The Frozen Shoulder Syndrome

What is a Frozen Shoulder?

Frozen Shoulder Syndrome or FSS is a painful and debilitating shoulder condition characterized by very limited arm movement and severe pain at the slightest move. Affecting more women than men, it can be confused with cervical radiculitis, rotator cuff strain and bursitis or tendonitis. True FSS will always have inflammation and scar tissue formation of the joint capsule.

While patients who suffer from FSS usually have a prior injury to the shoulder, the cause is still not clear. It is a condition more common in 20% of diabetics. However, the following issues have been associated with increased Fss risks: Parkinson’s disease, hypothyroidism, hyperthyroidism, cardiac disease or a recent surgery.

This progressive condition is characterized by three stages – the freezing stage – pain gets worse over time which limits movement more and more, lasting several weeks to months. The frozen stage is when the shoulder has reached its maximum restricted pattern; pain may have subsided and only felt if the shoulder is moved beyond its restriction. You will not be able to reach behind your back and cannot bring the hand above the height of the shoulder. This stage can take 9 months. The last – thawing stage – the shoulder begins to thaw and become pain-free in 12 to 18 months with increased range of motion, as by natural healing.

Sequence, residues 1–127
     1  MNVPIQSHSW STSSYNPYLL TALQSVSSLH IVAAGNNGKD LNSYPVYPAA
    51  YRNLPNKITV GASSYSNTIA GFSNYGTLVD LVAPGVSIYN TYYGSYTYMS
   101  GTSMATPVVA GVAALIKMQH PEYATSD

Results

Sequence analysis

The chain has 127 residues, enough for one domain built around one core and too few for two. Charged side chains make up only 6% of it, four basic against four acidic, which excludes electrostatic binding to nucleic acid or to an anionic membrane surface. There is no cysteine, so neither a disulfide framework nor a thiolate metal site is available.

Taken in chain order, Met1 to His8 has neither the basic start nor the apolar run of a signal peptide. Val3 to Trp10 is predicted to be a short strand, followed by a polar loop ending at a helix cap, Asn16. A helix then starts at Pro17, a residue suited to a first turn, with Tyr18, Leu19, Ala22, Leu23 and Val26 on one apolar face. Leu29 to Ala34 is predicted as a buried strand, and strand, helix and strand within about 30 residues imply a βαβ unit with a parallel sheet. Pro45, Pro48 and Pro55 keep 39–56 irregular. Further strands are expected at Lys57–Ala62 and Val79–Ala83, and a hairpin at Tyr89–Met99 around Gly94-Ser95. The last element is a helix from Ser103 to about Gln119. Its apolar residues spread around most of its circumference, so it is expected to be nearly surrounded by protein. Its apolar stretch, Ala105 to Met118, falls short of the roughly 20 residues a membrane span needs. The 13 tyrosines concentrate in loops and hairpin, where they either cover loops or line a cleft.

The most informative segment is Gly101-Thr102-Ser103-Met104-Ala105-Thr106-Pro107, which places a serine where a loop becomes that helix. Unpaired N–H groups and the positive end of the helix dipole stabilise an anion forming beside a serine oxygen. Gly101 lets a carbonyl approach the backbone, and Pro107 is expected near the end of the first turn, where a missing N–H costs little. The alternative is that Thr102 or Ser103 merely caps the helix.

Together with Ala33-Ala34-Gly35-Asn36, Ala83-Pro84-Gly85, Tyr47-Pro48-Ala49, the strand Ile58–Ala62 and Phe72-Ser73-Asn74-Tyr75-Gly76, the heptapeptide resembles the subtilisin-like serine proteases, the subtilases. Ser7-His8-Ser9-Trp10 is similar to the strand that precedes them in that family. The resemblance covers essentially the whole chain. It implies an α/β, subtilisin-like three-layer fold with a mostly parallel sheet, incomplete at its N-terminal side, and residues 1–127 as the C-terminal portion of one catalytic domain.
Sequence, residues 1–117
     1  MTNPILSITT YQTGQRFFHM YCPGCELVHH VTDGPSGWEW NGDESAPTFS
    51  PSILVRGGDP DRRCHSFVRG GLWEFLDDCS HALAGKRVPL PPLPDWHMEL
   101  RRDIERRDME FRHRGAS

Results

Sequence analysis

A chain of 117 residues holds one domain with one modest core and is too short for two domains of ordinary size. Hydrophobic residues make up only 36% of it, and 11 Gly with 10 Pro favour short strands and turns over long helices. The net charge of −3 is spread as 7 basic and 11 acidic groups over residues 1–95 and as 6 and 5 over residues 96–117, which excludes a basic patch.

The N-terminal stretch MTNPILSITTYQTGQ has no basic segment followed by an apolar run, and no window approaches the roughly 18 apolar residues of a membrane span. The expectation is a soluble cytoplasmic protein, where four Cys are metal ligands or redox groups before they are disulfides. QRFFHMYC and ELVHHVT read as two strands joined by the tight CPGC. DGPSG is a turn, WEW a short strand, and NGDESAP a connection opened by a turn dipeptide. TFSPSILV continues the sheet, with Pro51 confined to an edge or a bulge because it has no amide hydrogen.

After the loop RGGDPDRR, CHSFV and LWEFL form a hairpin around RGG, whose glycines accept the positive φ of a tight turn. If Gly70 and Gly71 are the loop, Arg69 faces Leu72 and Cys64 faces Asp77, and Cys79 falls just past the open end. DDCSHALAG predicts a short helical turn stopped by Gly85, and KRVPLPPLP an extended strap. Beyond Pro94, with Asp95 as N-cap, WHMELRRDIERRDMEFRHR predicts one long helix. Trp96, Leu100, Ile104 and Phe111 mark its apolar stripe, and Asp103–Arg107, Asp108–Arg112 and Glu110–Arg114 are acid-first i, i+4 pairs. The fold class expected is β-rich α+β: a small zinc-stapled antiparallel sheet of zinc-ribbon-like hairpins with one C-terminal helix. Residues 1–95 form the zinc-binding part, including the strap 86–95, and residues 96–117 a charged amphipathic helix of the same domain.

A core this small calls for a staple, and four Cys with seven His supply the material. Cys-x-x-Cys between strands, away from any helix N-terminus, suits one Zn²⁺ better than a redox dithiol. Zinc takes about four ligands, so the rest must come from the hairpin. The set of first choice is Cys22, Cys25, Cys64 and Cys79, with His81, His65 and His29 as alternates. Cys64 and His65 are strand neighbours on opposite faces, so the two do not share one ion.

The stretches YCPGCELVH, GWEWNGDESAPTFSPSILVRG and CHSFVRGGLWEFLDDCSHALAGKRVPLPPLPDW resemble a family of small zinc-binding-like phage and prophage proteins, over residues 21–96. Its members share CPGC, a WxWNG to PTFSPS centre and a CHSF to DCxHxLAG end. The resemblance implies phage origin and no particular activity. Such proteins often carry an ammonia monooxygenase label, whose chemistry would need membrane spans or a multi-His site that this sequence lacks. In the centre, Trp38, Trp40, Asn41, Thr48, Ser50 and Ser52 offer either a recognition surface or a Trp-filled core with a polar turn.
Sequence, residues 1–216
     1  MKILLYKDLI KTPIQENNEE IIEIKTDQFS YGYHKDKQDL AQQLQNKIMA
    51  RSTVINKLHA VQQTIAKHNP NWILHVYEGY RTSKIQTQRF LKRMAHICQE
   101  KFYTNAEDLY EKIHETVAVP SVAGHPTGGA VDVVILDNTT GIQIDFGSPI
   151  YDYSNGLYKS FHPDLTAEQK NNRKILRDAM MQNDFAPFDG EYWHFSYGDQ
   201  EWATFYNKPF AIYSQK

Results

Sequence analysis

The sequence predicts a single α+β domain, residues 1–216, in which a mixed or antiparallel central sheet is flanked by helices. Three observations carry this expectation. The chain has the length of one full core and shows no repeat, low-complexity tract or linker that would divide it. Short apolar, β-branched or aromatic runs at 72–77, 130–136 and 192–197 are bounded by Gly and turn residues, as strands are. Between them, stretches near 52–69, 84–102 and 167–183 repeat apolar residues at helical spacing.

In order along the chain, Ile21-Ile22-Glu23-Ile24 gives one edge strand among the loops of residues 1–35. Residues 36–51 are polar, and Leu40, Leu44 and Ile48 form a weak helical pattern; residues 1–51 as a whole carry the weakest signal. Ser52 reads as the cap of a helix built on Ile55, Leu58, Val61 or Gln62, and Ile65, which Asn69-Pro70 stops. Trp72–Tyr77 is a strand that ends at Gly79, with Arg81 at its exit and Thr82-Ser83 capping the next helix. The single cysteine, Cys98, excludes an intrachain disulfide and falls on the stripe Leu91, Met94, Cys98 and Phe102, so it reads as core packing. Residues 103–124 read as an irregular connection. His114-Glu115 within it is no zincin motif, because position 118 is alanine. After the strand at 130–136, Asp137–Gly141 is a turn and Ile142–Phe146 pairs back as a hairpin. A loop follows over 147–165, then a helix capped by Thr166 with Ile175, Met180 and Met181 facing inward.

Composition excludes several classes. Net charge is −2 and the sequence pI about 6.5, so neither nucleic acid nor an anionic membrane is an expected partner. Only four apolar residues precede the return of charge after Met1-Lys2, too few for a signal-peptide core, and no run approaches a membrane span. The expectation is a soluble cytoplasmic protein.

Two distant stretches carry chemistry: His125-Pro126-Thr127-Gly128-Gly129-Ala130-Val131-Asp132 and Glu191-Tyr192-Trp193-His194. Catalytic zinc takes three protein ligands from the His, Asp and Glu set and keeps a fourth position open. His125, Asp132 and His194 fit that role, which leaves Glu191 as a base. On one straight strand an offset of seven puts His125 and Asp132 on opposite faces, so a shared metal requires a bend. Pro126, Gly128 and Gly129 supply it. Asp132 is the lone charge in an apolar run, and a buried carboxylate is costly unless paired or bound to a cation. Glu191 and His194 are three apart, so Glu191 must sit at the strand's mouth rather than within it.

Consider a chiropractor for your frozen shoulder where other treatments had failed, including physical therapy and pain killing medications. There is no need to wait for the shoulder to thaw Chiropractic adjustments are concentrated on manipulating the frozen shoulder joint and the area at the base of the neck. Restoring proper movement in the spine can help assist proper nerve function in the shoulder area. This can contribute to your recovery. Exercise and stretching are contributory.

Chiropractic Care in Lynnwood for Frozen Shoulder Syndrome

Check out our Lynnwood chiropractic professional and wait no more for your frozen shoulder to heal itself. While it may be a long healing process, every advancement in motion range and decrease in pain is an improvement in your quality of life.